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Australia 1993
Directed by
Gillian Armstrong
113 minutes
Rated M

Reviewed by
Bernard Hemingway
2.5 stars

The Last Days Of Chez Nous

There is a forced quality to Gillian Armstrong’s direction that keeps The Last Days Of Chez Nous from achieving the poignancy it might have otherwise had. One assumes a good deal of autobiographical material has gone into Helen Garner’s story of Beth (Lisa Harrow), a middle-aged writer living a bohemian lifestyle in inner-city Sydney with her lover (Bruno Ganz) and daughter (Miranda Otto) and, kicking off the film, her sister (Kerry Fox) who has returned from overseas and a unhappy romance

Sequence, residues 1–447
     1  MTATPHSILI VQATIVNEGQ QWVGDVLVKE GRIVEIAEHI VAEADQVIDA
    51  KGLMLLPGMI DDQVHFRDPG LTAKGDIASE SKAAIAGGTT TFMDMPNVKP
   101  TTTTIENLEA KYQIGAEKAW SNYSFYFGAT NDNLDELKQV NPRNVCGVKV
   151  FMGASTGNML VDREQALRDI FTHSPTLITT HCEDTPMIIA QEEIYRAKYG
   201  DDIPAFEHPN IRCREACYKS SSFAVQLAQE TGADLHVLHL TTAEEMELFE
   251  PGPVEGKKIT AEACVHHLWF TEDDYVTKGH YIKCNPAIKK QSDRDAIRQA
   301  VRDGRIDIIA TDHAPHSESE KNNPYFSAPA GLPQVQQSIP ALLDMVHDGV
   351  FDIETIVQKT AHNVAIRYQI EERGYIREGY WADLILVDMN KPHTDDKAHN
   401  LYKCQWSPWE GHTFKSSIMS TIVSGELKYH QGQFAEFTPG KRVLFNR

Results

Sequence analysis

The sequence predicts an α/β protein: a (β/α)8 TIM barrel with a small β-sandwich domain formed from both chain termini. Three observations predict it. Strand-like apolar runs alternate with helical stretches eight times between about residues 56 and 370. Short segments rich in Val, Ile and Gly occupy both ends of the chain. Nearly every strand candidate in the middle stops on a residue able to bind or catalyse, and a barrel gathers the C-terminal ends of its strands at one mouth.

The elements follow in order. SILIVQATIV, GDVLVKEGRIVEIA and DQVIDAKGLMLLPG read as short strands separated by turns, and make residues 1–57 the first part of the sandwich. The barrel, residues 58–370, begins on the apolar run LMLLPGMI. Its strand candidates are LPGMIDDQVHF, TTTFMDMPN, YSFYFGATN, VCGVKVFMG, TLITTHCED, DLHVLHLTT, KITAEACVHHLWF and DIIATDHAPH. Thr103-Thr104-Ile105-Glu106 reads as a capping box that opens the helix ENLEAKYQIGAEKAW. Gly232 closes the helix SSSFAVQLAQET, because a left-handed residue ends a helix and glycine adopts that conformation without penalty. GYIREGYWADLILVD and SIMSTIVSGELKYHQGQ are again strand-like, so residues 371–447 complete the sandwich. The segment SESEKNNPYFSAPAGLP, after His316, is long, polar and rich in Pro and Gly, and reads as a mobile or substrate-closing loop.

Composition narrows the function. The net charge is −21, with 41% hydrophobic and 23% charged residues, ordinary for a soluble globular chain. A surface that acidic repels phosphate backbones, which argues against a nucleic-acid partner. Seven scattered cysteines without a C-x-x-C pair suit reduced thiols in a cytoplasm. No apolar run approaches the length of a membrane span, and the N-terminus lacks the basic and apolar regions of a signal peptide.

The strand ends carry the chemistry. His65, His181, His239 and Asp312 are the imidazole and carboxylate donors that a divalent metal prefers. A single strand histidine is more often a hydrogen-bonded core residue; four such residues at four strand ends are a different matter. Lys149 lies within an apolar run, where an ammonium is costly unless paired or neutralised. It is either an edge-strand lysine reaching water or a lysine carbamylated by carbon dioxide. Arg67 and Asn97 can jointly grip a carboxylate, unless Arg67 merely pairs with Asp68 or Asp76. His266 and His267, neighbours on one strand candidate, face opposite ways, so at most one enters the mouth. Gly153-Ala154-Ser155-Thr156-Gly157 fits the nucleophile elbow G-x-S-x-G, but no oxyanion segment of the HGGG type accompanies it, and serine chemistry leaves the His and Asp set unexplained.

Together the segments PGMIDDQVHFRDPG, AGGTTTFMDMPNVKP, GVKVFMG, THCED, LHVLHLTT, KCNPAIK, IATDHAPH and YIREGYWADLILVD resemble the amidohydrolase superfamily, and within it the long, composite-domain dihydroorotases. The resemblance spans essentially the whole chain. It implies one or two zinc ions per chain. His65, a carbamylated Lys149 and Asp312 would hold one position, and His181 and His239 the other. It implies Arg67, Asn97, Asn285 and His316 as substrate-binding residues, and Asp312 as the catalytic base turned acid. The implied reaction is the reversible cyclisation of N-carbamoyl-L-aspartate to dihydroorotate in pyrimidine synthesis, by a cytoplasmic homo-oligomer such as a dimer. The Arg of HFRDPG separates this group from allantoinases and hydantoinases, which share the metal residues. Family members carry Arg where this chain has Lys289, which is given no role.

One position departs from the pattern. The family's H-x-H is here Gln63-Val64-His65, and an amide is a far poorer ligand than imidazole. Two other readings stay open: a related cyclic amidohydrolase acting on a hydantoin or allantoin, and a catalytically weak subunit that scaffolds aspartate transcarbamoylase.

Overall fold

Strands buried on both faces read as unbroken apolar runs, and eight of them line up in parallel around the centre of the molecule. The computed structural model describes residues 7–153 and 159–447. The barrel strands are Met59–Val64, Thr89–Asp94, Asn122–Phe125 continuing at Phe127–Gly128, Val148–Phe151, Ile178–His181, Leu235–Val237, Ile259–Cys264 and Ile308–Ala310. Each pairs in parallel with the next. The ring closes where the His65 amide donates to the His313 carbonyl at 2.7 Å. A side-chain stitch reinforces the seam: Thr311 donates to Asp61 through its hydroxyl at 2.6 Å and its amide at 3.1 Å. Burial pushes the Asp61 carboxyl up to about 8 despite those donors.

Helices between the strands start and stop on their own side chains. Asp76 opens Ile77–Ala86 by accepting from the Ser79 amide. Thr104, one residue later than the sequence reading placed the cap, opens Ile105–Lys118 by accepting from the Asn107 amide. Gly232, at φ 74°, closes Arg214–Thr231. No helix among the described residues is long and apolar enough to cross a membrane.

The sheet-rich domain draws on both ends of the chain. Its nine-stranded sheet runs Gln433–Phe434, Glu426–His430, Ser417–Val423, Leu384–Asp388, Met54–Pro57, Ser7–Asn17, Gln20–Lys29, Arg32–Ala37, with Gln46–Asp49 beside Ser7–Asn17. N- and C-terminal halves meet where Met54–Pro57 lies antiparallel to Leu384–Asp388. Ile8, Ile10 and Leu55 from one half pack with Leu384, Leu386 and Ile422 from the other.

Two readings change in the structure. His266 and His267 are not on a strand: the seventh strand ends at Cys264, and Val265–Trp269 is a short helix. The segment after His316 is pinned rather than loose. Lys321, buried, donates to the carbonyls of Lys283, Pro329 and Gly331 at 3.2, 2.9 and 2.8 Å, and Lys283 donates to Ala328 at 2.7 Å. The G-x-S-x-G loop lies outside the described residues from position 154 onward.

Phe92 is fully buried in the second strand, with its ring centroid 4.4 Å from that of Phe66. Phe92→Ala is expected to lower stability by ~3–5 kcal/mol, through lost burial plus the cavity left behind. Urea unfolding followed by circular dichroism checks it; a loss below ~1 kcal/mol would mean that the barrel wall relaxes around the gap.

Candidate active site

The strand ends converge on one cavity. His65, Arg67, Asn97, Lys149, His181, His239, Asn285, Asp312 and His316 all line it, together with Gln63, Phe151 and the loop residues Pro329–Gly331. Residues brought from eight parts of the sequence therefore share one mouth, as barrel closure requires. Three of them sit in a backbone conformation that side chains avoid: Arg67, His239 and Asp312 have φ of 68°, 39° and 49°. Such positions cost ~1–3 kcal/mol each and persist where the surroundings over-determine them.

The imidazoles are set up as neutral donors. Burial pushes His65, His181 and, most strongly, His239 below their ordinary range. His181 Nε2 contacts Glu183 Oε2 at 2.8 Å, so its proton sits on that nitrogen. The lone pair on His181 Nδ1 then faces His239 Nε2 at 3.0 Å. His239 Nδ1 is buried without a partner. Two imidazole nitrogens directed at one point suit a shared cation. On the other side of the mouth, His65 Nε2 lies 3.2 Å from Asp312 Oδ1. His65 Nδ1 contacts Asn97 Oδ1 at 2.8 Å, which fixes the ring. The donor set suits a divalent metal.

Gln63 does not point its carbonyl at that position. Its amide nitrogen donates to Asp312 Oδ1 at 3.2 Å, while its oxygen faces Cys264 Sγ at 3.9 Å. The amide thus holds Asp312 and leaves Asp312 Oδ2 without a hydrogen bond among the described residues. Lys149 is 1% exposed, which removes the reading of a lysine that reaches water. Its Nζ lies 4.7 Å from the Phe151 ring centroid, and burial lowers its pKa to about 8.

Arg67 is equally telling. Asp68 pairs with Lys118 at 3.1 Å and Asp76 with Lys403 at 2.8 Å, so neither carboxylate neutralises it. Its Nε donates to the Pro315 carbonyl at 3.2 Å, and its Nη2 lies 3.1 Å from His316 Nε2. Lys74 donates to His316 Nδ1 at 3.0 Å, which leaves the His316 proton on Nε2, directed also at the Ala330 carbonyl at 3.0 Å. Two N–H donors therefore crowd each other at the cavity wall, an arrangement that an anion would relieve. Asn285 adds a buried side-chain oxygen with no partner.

If Garner’s screenplay at times tends to have an overly literary tone with the characters tossing off archly gnomic utterances, overall she manages to lay out an economical portrait of changing relationships. However under Armstrong’s heavy hand it all feels unrealistic and oddly disconnected (no-one’s life extends significantly beyond “Chez Nous”) with the fun-loving antics of the householders coming across as something out of an MTV video, whilst the shots of Sydney’s skyline and even a trip to the Outback with Beth’s gruff old dad (Bill Hunter doing what Bill Hunter does) overplay the “Australian” card. Within these parameters, the performers do a commendable job but they cannot break out of the contrivance that Garner and Armstrong have constructed.

DVD Extras: Audio commentary by Gillian Armstrong and producer Jan Chapman; Interviews with cast and crew; theatrical trailer.

Available from: Umbrella Entertainment




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